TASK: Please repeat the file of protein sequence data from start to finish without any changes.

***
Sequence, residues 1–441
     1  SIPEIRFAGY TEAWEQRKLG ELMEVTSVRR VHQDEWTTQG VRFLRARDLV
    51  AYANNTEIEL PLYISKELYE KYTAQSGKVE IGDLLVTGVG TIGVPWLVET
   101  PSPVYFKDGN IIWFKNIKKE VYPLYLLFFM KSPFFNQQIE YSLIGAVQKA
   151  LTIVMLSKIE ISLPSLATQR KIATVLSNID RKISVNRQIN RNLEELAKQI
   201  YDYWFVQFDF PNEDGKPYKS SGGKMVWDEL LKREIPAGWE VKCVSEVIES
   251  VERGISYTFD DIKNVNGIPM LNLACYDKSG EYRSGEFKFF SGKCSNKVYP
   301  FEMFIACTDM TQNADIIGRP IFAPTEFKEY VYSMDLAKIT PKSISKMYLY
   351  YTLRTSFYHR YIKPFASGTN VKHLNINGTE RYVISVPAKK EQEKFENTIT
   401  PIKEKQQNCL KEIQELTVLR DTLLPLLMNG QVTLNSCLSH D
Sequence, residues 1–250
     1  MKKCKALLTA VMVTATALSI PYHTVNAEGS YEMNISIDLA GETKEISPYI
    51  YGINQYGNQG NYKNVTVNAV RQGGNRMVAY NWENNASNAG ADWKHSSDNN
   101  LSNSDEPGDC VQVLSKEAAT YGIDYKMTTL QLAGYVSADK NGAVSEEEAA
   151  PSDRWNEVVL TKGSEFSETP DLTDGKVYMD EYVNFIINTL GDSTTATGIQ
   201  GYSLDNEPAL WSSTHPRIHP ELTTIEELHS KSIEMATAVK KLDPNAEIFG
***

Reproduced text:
Sequence, residues 1–441
     1  SIPEIRFAGY TEAWEQRKLG ELMEVTSVRR VHQDEWTTQG VRFLRARDLV
    51  AYANNTEIEL PLYISKELYE KYTAQSGKVE IGDLLVTGVG TIGVPWLVET
   101  PSPVYFKDGN IIWFKNIKKE VYPLYLLFFM KSPFFNQQIE YSLIGAVQKA
   151  LTIVMLSKIE ISLPSLATQR KIATVLSNID RKISVNRQIN RNLEELAKQI
   201  YDYWFVQFDF PNEDGKPYKS SGGKMVWDEL LKREIPAGWE VKCVSEVIES
   251  VERGISYTFD DIKNVNGIPM LNLACYDKSG EYRSGEFKFF SGKCSNKVYP
   301  FEMFIACTDM TQNADIIGRP IFAPTEFKEY VYSMDLAKIT PKSISKMYLY
   351  YTLRTSFYHR YIKPFASGTN VKHLNINGTE RYVISVPAKK EQEKFENTIT
   401  PIKEKQQNCL KEIQELTVLR DTLLPLLMNG QVTLNSCLSH D
Sequence, residues 1–250
     1  MKKCKALLTA VMVTATALSI PYHTVNAEGS YEMNISIDLA GETKEISPYI
    51  YGINQYGNQG NYKNVTVNAV RQGGNRMVAY NWENNASNAG ADWKHSSDNN
   101  LSNSDEPGDC VQVLSKEAAT YGIDYKMTTL QLAGYVSADK NGAVSEEEAA
   151  PSDRWNEVVL TKGSEFSETP DLTDGKVYMD EYVNFIINTL GDSTTATGIQ
   201  GYSLDNEPAL WSSTHPRIHP ELTTIEELHS KSIEMATAVK KLDPNAEIFG